Premiership footballers turned ASDA bag packers – Cardiff City Ladies FC reveal the void between the sexes in British football
Packing bags in ASDA is not something you’d expect to find a Premier League footballer doing on their day off. The idea seems frankly alien to a sport that has made millionaires of many a young player.
But far from the lavish lifestyles, fast cars and seven figure salaries that are synonymous with the men’s league, Michele Adams and Cardiff City Ladies Football Club paint a very different picture.
For Michele and the team, fundraising events such as bag packing are essential in paying for expensive away games like their trip to top-of-the-table Leeds United on Sunday December 18. A Welsh international for 20 years, Michele knows the women’s game as well as anyone and knows how hard it is to balance the books.
“You’ve got the insurance, the buses, physio bills and the pitches,” explains Michele, looking somewhat deflated, “they cost us a fortune.”
A tale of two Cities
Like Cardiff’s men’s team, the Ladies play in the second tier of the English league system, however this is where the similarities end. Where the visit of a team like Leeds United to the men’s City Stadium would attract in excess of 20,000, the Ladies will play in front of less than a hundred when they travel to the Yorkshire club later this month.
Cardiff City Ladies FC line up before the visit of Premier League Aston Villa
“I think all women’s sport in this country is poorly represented,” Michele explains. “If you go to somewhere like Portugal, Italy or Holland, countries where their men’s teams are quite highly ranked, women seem to be more on a par than they are over here.”
The Women’s Sport and Fitness Foundation claimed last year that the popularity of women’s sport in Britain was at an all-time high, however attendances in the Women’s Premier League do little to justify these claims and unfortunately the national side seems to tell a similar story.
Wales’s recent Euro 2013 qualifier in Israel saw a young Welsh side record a convincing 2-0 victory, but you’ll have to take their word for it.
“We walked out and looked at the stands and there was seven people watching,” says Welsh international Aime Lea. “It was probably the best pitch I’d ever played on but singing the national anthem to seven people just doesn’t seem right.”
Fellow international, and goal scorer on the night, Sophie Ingle, is slightly more optimistic about the evening’s attendance. “There was probably about 30-40,” she concludes, pausing for a moment, “but they were probably family members of the team.”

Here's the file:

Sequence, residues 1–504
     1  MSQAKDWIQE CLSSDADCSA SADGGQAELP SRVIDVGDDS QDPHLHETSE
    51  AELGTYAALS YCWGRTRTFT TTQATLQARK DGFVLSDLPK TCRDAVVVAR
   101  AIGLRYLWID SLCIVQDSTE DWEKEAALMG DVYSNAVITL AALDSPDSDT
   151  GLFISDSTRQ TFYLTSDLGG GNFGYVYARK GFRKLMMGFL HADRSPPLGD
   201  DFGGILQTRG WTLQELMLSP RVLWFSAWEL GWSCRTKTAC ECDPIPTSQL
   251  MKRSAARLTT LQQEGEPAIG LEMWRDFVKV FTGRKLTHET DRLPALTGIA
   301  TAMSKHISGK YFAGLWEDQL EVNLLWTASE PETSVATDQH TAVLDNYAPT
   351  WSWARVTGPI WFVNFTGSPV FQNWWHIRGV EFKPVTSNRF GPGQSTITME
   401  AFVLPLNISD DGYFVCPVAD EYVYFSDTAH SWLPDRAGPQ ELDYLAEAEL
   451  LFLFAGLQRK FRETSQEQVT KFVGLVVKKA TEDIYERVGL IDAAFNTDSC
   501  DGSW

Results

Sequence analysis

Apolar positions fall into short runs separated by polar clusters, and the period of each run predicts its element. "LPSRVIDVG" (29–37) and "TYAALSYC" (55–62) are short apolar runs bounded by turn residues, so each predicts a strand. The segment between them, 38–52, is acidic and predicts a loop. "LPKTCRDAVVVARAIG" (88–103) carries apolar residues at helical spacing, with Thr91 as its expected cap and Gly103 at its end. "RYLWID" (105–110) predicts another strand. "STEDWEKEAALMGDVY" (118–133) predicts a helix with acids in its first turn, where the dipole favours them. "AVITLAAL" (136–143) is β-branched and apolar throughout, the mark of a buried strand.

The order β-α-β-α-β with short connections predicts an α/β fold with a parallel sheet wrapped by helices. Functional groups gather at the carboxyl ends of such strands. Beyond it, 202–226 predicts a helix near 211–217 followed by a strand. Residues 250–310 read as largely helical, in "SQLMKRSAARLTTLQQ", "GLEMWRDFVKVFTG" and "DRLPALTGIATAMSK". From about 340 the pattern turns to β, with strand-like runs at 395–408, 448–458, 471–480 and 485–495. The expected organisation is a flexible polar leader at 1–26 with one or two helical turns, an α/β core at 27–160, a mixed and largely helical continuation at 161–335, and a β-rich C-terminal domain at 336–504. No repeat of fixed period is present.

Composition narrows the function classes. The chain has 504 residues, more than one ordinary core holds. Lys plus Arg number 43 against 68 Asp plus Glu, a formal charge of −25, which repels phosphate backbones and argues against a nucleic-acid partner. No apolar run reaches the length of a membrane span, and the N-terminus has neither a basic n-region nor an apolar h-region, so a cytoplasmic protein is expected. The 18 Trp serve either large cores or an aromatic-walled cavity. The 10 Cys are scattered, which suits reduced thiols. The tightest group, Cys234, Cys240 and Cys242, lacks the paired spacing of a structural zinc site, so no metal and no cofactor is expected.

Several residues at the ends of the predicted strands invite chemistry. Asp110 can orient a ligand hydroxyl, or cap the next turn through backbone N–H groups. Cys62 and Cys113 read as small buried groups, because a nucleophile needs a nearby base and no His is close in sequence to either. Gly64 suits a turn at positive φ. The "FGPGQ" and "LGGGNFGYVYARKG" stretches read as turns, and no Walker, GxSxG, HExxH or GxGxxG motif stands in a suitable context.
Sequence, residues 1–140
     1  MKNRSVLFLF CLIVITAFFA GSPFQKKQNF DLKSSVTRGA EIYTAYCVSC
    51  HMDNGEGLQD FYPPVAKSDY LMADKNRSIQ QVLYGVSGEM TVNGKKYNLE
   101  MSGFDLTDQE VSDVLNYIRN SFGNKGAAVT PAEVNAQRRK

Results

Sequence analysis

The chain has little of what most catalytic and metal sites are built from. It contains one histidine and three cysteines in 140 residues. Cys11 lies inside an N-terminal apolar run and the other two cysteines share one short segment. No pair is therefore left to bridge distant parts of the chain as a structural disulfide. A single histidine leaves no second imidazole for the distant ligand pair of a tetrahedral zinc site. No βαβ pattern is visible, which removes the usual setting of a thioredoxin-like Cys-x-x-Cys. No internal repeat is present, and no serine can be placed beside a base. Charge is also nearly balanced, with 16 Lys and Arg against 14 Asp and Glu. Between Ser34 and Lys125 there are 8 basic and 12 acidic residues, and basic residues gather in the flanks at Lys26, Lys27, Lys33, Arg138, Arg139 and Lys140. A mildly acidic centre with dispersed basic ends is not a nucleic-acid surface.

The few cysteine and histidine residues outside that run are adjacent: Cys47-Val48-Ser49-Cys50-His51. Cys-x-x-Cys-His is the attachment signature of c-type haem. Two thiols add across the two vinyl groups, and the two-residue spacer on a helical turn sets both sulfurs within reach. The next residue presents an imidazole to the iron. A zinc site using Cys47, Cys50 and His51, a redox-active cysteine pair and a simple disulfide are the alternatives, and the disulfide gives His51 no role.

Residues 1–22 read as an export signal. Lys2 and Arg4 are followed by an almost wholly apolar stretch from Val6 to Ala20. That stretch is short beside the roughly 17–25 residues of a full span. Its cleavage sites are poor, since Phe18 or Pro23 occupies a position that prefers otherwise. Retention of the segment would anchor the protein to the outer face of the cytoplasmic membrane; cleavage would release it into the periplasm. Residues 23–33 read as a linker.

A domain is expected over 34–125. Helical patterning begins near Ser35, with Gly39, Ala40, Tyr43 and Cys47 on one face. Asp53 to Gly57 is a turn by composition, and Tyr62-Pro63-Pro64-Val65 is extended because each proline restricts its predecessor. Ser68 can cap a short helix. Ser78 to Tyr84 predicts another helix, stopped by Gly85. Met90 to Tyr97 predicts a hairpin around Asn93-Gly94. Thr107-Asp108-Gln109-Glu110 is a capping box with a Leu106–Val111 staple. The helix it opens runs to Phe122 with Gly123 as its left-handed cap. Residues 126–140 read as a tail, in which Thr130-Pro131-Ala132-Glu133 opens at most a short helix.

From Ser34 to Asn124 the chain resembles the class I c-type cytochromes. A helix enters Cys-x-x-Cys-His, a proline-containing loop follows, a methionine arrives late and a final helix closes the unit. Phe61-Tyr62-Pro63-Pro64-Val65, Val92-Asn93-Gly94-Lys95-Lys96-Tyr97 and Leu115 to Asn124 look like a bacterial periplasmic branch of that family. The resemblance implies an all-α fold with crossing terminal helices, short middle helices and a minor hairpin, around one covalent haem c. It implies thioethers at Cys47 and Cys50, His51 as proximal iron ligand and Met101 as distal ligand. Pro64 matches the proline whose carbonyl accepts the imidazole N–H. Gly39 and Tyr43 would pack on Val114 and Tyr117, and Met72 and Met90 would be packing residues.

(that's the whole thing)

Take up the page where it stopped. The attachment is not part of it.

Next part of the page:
While the British sides struggle to raise the profile of their game there seems to be no such lack of interest across the pond, where the US Women’s Professional Soccer league regularly attracts crowds of up to 4,000.
“They’ll watch two flies climbing a window pane over there,” jokes Michele, but behind the humour there is a tinge of resentment. The US Women’s National Team recently attracted 18,000 fans to watch a mere friendly in Arizona, just weeks after Wales’s lonely Israeli qualifier. The college league alone is enough to tempt young talent over the Atlantic, with Welsh international Ellis Parsons currently playing for East Tennessee State University.
“We lost a few players there,” says Michele. “There are still a number of Welsh internationals out there. The top British players could be on $70,000 in the US, they’re not getting that over here.”
Hope for the future
Despite its problems, the women’s game in the UK does seem to have taken steps to improve its popularity. Currently in a three year trial is the Women’s Super League, or the Super 8, which consists of the top 8 British women’s teams and does boast some full-time professional footballers.
Current champions Arsenal seem to have set the benchmark in terms of women’s football in this country, winning numerous domestic honours as well as the Women’s UEFA Champions League.
“The ladies and men share the same restaurant, sports hall and training facility,” explains club spokesperson Tom Bennett. “The ladies recently played in a champions league tie and four or five guys from the first team came down to cheer the ladies on.”
Despite these strong links, Super 8 attendances have been fairly low and even Arsenal have lost high profile players such as Kelly Smith, Karen Carney and Alex Scott to the big bucks of the US league. Most of the Arsenal squad are semi-professional which means the ladies’ training sessions are not as regular as the men’s. This has an inevitable knock on effect on the UK’s national sides, who struggle to compete with the likes of the USA and Germany, both of whom boast professional domestic leagues.
Tickets for the opening women’s football fixture at next summer’s Olympics, which will feature Team GB at Cardiff’s Millennium Stadium, remain unsold. The game could well feature some of Cardiff Ladies first team and an olympic medal is by no means out of the question. The fact remains however that football finance is about bums on seats and unless Cardiff’s revenue improves, even Olympic medalists will not be permitted to forgo the dreaded bag packing.